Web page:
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What’s the fuss about lens quality reviews

(Recently submitted post to PentaxForums.)

I find it curious how we photographers fret so much over lens quality reviews or lens superiority AND I do understand the difference between precision engineered glass and a soda bottle.

It’s easy to blur/fade an image made from a lens transmitting great IQ but impossible to add detail from an optic that never saw it in the first place.

I was using PF long before I became a member (I know, my bad) because of the wonderful amount of knowledge shared here by fellow Pentaxians. The lens database is incredible, especially the coverage of vintage and third party lenses.

My ex girlfriend shoots Canon and doing a fair amount of research there, it seems nearly impossible to find any reviews on anything other than the “latest & greatest” (and never so much information in one place.) I sense PF members seem more concerned with sharing creative process than promoting Market Hype.

I curb myself as much as possible from LBA but do like to keep informed on lens performance (vintage and modern), especially the diversified hands on experience I find here. Reading a recent post on Lenses and the K-1, I was very pleased with a response by Noel Porter. “One of the key things with any lens is understanding it’s characteristics and using it’s strengths or avoiding it’s weak areas (soft corners wide open etc).” (Read more at: http://www.pentaxforums.com/forums/190-pentax-k-1/329374-my-k-1-wasted-my-legacy-glass.html#ixzz4JuFQw1zm)

I’ve always viewed lenses as paint brushes. An artist may use two different brushes of the same size or shape to achieve different desired effects.

My main workhorse lens is a Sigma 24-60/2.8, it provides consistently good IQ. It will never provide the color and smoothness of my M50/1.7, the sharpness of my A50/2.8 macro or dirty/gritty film feel of my Vivitar 35/2.8. The Sigma 70-200/2.8 DG OS USM is in no way superior to my old F300/4.5 for IQ, but is the “go-to” lens during low light, nighttime sports events (and yet it never finds itself in the vest pocket like the tak-f 70-200 on a day hike.) They each are what they are.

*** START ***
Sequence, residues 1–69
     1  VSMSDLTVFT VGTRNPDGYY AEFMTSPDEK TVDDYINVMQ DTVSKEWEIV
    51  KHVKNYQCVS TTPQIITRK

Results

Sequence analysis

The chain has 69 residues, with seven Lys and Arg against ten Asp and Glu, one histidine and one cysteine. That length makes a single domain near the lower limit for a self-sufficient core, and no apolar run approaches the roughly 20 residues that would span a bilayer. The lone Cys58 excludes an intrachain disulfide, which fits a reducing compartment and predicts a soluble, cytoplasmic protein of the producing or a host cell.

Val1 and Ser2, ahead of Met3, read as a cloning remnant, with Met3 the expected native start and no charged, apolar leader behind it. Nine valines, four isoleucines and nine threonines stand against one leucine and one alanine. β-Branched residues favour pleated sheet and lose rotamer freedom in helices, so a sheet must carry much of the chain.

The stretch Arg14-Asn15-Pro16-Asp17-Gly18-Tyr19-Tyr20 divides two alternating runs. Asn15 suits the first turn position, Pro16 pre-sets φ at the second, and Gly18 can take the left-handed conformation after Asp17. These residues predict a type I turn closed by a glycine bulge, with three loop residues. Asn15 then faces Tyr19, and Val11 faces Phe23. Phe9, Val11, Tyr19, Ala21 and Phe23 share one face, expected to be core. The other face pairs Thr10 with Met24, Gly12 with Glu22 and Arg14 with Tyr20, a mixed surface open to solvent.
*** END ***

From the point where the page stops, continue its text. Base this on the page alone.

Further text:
Still, one of my favorite techniques is – NO LENS PHOTOGRAPHY (IQ be damned) – images below.

Zone Plate on K3

Black Locust Blooms, backyard photography, garden photography, plant photography, fine art, zone plate

http://www.instructables.com/id/PHOTOGRAPHY%3A-Creating-Perfect-Pinholes-and-Zonepla/

http://www.whizkidtech.redprince.net/zoneplate/

Writing with light – The brush doesn’t make the painting, the painting dictates the brush.

I’m consistently impressed while reading an inquiry here on the forums, how often a responding member will ask for more information on someones shooting style, subject matter, etc. before giving a recommendation. Sometimes it’s the newest technology when appropriate but often members encourage us to explore the strong characteristics of what we might already have or can easily obtain.

I look forward to reading more “fretting” over lenses, you folks make it an enjoyable treat and me happy to be a member of PF.

Another Zone Plate

Laws - California - locomotive - slim princess - railroads - museums - zone plate - black&white - monochrome - Bishop

National Automobile Museum – Reno

Every time I visit, I feel one of the most overlooked attractions, in Reno Nevada is the National Automobile Museum.